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Publication numberUS4659245 A
Publication typeGrant
Application numberUS 06/868,561
Publication date21 Apr 1987
Filing date30 May 1986
Priority date31 May 1985
Fee statusPaid
Publication number06868561, 868561, US 4659245 A, US 4659245A, US-A-4659245, US4659245 A, US4659245A
InventorsSumio Hirao, Kunio Maki
Original AssigneeNissan Motor Co., Ltd.
Export CitationBiBTeX, EndNote, RefMan
External Links: USPTO, USPTO Assignment, Espacenet
Gas turbine
US 4659245 A
Abstract
A gas turbine including a joint structure is disclosed. According to the joint structure, a ceramic shaft is received in a bore formed in an end portion of a metallic shaft. Brazing filler metal made of Ag-Cu alloy is distributed between the closely fitted surfaces of the ceramic shaft and bore wall, and it extends axially toward the open end of the bore up to a predetermined plane where a ring seal groove formed on the end portion of the metallic shaft lies. The open end of the bore is closed to prevent entrance of exhaust gas into the bore.
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Claims(4)
What is claimed is:
1. A joint structure, comprising:
a metallic shaft including a metallic cylindrical end portion having a cylindrical bore with an open end;
a ceramic shaft received in said cylindrical bore;
said metallic cylindrical portion formed with a ring seal groove;
a brazing filler metal distributed between closely fitted surfaces of said ceramic shaft and said cylindrical bore and extending axially toward said open end of said cylindrical bore up to a predetermined plane where said ring seal groove lies; and
means for closing said open end of said cylindrical bore.
2. A joint structure as claimed in claim 1, wherein said closing means includes an adhesive.
3. A joint structure as claimed in claim 1, wherein said cylindrical end portion is formed integral with said metallic shaft.
4. A joint structure as claimed in claim 1, wherein said cylindrical end portion is formed as a separate piece from said metallic shaft.
Description
BACKGROUND OF THE INVENTION

The present invention relates to a gas turbine including a ceramic turbine and a metallic impeller, and more particularly to a joint structure of a ceramic turbine to a metallic impeller.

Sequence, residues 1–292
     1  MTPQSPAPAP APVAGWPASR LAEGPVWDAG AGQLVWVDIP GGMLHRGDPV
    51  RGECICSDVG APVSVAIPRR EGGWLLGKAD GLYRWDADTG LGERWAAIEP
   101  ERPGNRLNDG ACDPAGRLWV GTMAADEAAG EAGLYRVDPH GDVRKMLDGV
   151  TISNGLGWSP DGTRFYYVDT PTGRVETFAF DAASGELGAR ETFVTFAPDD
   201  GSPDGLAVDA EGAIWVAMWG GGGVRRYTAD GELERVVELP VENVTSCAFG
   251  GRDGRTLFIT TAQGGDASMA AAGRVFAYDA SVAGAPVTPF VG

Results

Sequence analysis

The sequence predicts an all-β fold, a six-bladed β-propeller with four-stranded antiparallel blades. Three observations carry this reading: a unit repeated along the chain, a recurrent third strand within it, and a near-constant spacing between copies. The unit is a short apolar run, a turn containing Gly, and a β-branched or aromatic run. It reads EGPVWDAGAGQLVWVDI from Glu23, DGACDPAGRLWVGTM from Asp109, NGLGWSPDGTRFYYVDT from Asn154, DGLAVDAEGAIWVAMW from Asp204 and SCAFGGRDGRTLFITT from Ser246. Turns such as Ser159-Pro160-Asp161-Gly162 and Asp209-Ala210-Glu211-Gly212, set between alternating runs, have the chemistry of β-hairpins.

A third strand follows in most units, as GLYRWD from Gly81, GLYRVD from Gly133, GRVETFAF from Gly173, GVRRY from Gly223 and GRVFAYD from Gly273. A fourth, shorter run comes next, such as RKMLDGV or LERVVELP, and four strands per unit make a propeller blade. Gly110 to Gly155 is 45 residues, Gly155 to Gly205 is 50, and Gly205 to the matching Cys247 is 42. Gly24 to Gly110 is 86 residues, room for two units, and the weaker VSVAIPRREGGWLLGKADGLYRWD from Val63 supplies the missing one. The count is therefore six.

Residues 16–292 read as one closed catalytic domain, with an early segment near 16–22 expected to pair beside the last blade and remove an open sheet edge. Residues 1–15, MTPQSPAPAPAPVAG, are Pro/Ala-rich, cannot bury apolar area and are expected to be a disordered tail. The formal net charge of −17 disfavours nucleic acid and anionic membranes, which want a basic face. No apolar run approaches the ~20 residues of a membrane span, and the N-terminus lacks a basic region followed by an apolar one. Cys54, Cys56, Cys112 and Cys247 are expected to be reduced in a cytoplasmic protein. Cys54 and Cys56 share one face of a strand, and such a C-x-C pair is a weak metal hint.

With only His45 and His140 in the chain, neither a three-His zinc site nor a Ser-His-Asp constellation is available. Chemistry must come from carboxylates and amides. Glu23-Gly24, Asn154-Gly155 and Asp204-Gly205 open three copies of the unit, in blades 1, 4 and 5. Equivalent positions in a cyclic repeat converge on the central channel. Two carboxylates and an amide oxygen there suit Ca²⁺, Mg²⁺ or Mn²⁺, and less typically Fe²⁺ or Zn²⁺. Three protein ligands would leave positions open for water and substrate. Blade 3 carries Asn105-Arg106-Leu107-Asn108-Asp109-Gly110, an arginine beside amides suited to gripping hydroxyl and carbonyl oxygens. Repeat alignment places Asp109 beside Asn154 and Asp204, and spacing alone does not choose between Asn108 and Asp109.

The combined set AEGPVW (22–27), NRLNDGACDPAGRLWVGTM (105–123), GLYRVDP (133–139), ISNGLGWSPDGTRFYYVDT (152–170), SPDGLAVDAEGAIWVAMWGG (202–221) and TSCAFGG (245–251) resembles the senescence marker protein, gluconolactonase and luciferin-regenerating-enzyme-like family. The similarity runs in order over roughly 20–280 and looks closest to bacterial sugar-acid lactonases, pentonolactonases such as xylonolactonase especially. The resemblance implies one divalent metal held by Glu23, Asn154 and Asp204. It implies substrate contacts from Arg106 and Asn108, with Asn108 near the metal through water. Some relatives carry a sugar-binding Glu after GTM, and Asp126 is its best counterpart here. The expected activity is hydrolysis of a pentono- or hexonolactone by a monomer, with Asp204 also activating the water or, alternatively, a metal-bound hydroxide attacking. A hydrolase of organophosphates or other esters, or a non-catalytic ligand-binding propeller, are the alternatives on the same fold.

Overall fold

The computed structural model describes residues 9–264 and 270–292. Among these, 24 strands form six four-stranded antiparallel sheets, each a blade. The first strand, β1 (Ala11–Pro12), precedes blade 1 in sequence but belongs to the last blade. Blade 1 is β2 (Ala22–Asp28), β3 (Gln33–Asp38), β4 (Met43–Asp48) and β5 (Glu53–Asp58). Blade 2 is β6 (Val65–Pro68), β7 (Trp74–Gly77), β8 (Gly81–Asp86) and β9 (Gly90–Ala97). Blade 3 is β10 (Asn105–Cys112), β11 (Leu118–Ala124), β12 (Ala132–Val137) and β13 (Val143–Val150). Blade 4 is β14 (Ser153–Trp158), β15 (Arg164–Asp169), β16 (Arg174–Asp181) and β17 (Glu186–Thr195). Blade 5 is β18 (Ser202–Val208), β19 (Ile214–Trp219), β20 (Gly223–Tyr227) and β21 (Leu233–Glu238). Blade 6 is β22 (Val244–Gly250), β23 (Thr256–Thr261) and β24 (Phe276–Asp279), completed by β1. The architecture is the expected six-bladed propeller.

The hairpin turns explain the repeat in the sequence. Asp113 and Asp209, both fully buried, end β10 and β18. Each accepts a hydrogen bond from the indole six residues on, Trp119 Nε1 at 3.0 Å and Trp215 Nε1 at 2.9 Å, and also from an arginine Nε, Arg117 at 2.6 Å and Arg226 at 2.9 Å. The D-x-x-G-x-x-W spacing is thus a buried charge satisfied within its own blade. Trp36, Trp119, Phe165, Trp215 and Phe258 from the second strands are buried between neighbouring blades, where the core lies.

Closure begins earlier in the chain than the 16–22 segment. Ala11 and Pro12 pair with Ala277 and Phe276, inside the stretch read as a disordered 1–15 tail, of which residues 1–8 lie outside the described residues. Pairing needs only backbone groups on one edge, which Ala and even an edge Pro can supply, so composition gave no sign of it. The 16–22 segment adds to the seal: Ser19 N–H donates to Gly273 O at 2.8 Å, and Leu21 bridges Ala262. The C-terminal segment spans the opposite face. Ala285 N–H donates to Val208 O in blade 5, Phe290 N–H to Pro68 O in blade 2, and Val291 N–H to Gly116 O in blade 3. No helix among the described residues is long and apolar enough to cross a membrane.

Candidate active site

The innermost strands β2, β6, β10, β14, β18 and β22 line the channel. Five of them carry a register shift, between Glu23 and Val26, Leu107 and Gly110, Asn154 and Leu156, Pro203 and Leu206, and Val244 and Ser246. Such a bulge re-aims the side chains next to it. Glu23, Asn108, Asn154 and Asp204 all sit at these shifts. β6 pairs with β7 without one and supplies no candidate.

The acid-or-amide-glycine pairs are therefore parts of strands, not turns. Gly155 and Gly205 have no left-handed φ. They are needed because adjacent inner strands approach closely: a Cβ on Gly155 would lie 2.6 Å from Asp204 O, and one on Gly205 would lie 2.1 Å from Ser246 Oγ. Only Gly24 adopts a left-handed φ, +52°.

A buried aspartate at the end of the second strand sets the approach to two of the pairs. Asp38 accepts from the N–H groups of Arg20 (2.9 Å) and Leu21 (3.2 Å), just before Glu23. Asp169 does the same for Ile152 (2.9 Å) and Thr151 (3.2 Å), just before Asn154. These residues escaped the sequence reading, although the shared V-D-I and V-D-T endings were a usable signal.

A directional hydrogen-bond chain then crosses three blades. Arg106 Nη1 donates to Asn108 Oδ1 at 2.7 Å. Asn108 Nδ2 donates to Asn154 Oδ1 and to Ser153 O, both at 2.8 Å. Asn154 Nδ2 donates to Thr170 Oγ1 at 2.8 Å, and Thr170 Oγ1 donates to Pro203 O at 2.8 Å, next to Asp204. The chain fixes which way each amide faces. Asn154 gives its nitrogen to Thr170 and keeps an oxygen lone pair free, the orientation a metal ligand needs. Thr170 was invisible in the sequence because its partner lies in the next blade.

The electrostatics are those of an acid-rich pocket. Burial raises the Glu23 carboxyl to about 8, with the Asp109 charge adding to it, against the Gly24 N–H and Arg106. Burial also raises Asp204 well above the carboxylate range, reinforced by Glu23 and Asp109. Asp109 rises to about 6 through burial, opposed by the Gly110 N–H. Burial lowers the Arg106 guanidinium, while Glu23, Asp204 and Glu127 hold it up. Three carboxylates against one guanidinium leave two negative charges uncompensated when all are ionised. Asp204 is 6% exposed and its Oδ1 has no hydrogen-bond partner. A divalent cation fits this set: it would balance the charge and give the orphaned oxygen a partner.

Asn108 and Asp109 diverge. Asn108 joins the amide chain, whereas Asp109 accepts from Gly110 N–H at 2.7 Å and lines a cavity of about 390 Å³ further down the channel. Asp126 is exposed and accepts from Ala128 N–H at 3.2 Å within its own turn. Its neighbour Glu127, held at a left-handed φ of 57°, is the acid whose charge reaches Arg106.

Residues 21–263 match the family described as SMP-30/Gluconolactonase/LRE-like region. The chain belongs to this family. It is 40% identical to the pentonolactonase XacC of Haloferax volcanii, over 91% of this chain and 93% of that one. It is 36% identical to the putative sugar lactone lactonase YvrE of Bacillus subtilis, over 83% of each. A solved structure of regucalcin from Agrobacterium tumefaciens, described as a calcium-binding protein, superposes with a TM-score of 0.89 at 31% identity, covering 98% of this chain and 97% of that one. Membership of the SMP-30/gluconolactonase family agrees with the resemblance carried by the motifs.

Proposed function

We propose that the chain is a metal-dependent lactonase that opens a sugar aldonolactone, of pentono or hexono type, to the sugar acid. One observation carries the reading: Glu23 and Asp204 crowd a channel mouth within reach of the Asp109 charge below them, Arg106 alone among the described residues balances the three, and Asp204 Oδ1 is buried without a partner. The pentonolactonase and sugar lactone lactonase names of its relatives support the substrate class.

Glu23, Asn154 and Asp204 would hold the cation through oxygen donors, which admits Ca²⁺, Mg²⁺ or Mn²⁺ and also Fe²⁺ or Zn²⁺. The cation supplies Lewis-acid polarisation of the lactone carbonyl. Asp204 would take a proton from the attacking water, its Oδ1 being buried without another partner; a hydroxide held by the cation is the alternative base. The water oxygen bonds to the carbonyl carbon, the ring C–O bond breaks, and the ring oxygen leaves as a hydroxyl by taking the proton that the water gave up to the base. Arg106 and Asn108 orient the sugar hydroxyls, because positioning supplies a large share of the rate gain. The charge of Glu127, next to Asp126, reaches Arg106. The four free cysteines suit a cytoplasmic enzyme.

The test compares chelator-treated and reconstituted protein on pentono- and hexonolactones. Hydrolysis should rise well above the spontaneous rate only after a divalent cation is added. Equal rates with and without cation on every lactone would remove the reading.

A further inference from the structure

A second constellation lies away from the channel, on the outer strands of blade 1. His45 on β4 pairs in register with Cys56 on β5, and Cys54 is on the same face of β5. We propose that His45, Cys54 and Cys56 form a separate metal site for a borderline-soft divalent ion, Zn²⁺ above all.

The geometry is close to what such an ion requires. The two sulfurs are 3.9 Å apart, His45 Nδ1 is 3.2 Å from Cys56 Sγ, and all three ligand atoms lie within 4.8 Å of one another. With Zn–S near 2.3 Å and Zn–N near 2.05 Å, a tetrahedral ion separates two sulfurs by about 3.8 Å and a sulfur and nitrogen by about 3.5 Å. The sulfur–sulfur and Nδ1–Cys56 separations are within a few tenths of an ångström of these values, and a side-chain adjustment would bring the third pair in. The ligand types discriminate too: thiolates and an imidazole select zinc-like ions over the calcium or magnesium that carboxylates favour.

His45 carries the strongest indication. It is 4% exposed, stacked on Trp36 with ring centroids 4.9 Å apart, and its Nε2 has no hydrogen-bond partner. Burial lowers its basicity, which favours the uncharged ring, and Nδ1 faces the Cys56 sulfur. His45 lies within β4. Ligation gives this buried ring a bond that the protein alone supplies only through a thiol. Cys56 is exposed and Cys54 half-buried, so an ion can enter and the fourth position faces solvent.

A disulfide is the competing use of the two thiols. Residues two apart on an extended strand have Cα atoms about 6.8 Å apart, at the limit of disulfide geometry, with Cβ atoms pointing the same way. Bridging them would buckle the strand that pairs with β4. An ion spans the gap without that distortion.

A joint structure as shown in FIG. 7 is known from Laying-open Japanese Patent Application No. 54-42520. FIG. 7 shows a ceramic turbine 101 with an integral shaft 102 received in a cylindrical bore of an enlarged diameter portion 106 of a metallic impeller shaft 103. Ring seal groove 104 and oil groove 105 are formed on the outer surface of the enlarged diameter portion 106. Brazing filler metal 107 is distributed between the closely fitted surfaces of the ceramic shaft 102 and the enlarged diameter portion 106. FIG. 7 also shows bearings 108 and 109 and a threaded portion 103a with which an impeller is fixedly carried by the impeller shaft 103.

A joint structure shown in FIG. 8 is known. FIG. 8 shows a ceramic turbine 111 including an integral ceramic shaft 112 formed with a ring seal groove 114 and an oil groove 115, and a metallic impeller shaft 113 having a flanged end 113a. A brazing filler metal 117 is disposed between the closely fitted surfaces of an axial end 112a of the ceramic shaft 112 and flanged end 113a. FIG. 8 also shows bearings 118 and 119, and a threaded portion 115a formed on the metallic impeller shaft 113.

According to the known joint structure shown in FIG. 7, the brazing filler metal 107 distributed between the closely fitted surfaces of the metal and ceramic extends axially toward the open end of the cylindrical bore beyond a predetermined plane where the ring seal groove 104 lies as shown in FIG. 9. Thus, the brazing filler metal 107 has a portion 107a which is always exposed to high temperature exhaust gas so that it is softened and/or melted, and oxidized, resulting in considerable drop in joint between the closey fitted surfaces of the ceramic shaft 102 and enlarged diameter portion 106.

According to the other known joint structure shown in FIG. 8, since the ceramic turbine 111 and the metallic impeller shaft 113 are joined by welding between the axial end 112a of the ceramic shaft 112 and the flanged axial end 113a, there is the limit to reliability in strength of the joint. Besides, since the ceramic shaft 112 is formed with the ring seal groove 114 and oil groove 115, there would occur leakage of oil if the ceramic shaft portion 112 should damage.

Accordingly, an object of the present invention is to provide a joint structure wherein the brazing filler metal distributed between the closely fitted surfaces of the ceramic shaft and the metallic shaft is not exposed to high temperature exhaust gas and the leakage of oil would not occur even if the ceramic shaft portion should be damaged.

SUMMARY OF THE INVENTION

The present invention provides an improved joint structure wherein a ceramic turbine shaft is received in a cylindrical bore formed in a cylindrical end portion of a metallic shaft. The cylindrical end portion has formed on its outer surface with a ring seal groove and an oil groove so that the oil leakage would not be caused by the damage of the ceramic shaft. A brazing filler metal is distributed between the closely fitted surfaces of the ceramic shaft and the cylindrical bore even though it does not extend toward the open end of the cylindrical bore beyond a predetermined plane where the ring seal groove lies. The open end of the cylindrical bore is closed to prevent entrance of high temperature exhaust gas into the cylindrical bore. Preferrably, a heat-resistive adhesive/bond seals the open end of the cylindrical bore to prevent entrance of exhaust gas.